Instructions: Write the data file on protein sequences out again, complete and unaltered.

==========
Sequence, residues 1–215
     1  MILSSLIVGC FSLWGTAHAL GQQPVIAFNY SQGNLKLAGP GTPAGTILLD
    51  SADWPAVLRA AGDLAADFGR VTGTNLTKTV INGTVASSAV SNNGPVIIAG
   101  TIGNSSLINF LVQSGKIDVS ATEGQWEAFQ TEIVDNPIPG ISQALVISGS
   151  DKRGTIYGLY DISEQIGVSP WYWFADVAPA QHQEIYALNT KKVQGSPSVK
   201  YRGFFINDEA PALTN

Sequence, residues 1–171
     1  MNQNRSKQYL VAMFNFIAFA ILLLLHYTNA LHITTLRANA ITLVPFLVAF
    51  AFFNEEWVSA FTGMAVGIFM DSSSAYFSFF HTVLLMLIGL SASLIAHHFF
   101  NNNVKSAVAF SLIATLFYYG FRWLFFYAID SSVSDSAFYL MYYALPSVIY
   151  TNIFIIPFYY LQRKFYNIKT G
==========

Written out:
Sequence, residues 1–215
     1  MILSSLIVGC FSLWGTAHAL GQQPVIAFNY SQGNLKLAGP GTPAGTILLD
    51  SADWPAVLRA AGDLAADFGR VTGTNLTKTV INGTVASSAV SNNGPVIIAG
   101  TIGNSSLINF LVQSGKIDVS ATEGQWEAFQ TEIVDNPIPG ISQALVISGS
   151  DKRGTIYGLY DISEQIGVSP WYWFADVAPA QHQEIYALNT KKVQGSPSVK
   201  YRGFFINDEA PALTN

Sequence, residues 1–171
     1  MNQNRSKQYL VAMFNFIAFA ILLLLHYTNA LHITTLRANA ITLVPFLVAF
    51  AFFNEEWVSA FTGMAVGIFM DSSSAYFSFF HTVLLMLIGL SASLIAHHFF
   101  NNNVKSAVAF SLIATLFYYG FRWLFFYAID SSVSDSAFYL MYYALPSVIY
   151  TNIFIIPFYY LQRKFYNIKT G